As we mentioned before, demand for gold will remain strong even after the US debt ceiling deal is done. After a brief pullback on Monday, the benchmark Comex gold contract resumed its rally yesterday, surging to a new record high of 1664.5 before settling at 1644.5, up +1.41%. The compromised agreement on raising the debt limit and reducing government expenses is passed in both the House and the Senate but market confidence has not improved. The focus is now on macroeconomic data which have shown increasing evidence of a global slowdown. Moreover, concerns over sovereign debt crisis in the Eurozone have re-emerged with Italian and Spanish yield spreads widening sharply.
The Senate voted 74-26 for the debt ceiling plan, which will increase US' debt ceiling until 2013 and cut spending by 2.4 trillion over the decade, after the House had passed it on August 1. Moody and Fitch affirmed the country's AAA ratings but the 'negative' outlooks in both agencies suggest downgrades are still possible. S&P has not commented after the bill but it said last week that any plan that involves a cut of less than 4 trillion would trigger a downgrade.
In the Eurozone, peripheral yield spreads widened further, especially in Italian and Spanish bonds, on high debt-to-GDP ratios. News said that Italy's Financial Stability Committee will meet later today to discuss the recent surge in bond yields while Finance Minister Giulio Tremonti will meet officials from the Bank of Italy.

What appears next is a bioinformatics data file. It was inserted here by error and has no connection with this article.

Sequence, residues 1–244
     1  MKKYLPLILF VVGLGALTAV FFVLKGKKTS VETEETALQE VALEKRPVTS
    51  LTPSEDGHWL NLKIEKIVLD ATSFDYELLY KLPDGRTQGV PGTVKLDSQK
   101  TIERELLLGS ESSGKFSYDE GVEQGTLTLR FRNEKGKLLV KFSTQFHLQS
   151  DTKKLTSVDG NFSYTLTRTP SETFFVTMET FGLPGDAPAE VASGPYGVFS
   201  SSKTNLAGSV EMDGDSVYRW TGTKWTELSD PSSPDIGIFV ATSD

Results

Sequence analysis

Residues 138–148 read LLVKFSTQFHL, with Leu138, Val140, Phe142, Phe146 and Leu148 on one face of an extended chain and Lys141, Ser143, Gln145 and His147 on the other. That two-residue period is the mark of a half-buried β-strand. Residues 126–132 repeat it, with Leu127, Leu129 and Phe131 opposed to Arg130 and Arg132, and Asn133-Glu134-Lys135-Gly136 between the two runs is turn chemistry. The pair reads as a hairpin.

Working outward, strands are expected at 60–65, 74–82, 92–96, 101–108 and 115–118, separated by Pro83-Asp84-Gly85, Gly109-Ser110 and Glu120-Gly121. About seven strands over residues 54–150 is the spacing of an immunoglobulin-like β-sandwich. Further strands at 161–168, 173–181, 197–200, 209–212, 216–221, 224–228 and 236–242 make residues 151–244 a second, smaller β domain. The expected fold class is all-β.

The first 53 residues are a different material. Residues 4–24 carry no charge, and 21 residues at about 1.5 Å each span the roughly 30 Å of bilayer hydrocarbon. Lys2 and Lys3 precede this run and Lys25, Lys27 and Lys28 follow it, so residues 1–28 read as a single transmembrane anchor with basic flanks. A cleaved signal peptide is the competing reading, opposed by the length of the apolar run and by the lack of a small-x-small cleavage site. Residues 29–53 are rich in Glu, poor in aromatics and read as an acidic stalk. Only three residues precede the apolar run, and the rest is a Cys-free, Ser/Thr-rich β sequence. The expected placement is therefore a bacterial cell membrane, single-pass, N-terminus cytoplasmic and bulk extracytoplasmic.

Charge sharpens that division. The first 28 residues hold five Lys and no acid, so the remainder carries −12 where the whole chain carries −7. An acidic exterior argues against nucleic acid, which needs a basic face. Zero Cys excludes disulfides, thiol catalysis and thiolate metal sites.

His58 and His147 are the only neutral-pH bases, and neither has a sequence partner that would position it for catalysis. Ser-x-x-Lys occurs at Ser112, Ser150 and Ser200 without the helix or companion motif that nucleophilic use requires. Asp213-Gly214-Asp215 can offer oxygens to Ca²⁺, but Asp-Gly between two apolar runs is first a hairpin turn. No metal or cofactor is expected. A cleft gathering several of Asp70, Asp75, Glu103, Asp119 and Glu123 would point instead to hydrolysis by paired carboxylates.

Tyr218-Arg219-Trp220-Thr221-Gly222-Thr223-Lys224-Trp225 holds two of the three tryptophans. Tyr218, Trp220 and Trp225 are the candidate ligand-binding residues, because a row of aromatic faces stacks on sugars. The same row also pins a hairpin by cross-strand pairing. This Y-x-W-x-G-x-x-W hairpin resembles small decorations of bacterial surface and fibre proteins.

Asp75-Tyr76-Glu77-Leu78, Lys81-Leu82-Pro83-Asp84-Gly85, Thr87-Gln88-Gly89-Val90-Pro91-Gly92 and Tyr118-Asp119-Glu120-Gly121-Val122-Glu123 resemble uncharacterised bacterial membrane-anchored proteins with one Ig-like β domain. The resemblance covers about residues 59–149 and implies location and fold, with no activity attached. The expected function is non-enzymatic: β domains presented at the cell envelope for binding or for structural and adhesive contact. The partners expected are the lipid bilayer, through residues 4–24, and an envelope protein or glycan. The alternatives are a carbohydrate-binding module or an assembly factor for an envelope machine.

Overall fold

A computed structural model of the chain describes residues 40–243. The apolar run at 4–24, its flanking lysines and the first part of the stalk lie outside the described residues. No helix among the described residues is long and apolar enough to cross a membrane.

Economic data have been disappointing recently. As suggested by the US GDP report last Friday, the June personal income and spending data were subject to downside surprises. Personal income grew +0.1% in June (consensus: +0.2%), easing from +0.3% a month ago while personal spending surprisingly contracted -0.2% in June (consensus: +0.2%) after staying flat in May. The ICSC-GS chain store sales also signaled fatigue in consumer spending. Sales dropped -0.3% w/w for the period ending July 30. From a year ago, sales gained +4.0%, decelerating for a third consecutive week.
Concerning oil -specific data, the industry-sponsored API reported that crude oil inventory dropped -3.31 mmb to 354.9 mmb in the week ended July 29. On fuels, gasoline stockpile gained +2.55 mmb while distillate added +1.40 mmb. The market expects the official DOE/EIA report will show stock-builds in all 3 categories mentioned above.
|Weekly change in inventory as of 29/07/10||Change||Consensus||Previous|
|Crude oil||+1.50 mmb||+2.30 mmb|
|Gasoline||+0.25 mmb||+1.02 mmb|
|Distillate||+1.50 mmb||+3.39 mmb|
Comparison between API and EIA reports:
|API (Ju1 29)||EIA (Ju1 29)|
|Actual||Inventory||Previous||Forecast (using API's inventory level)||Inventory|
|Crude oil||-3.31 mmb||354.9 mmb||+3.96 mmb|
|Gasoline||+2.55 mmb||212.2 mmb||-0.64 mmb|
|Distillate||+1.40 mmb||150.7 mmb||+2.90 mmb||-1.12 mmb||151 mmb|
API collects stockpile information on a voluntary basis from operators of refineries. Data from the API and DOE have moved in the same direction 71% of the time over the past 52 weeks
Source: Bloomberg, API, EIA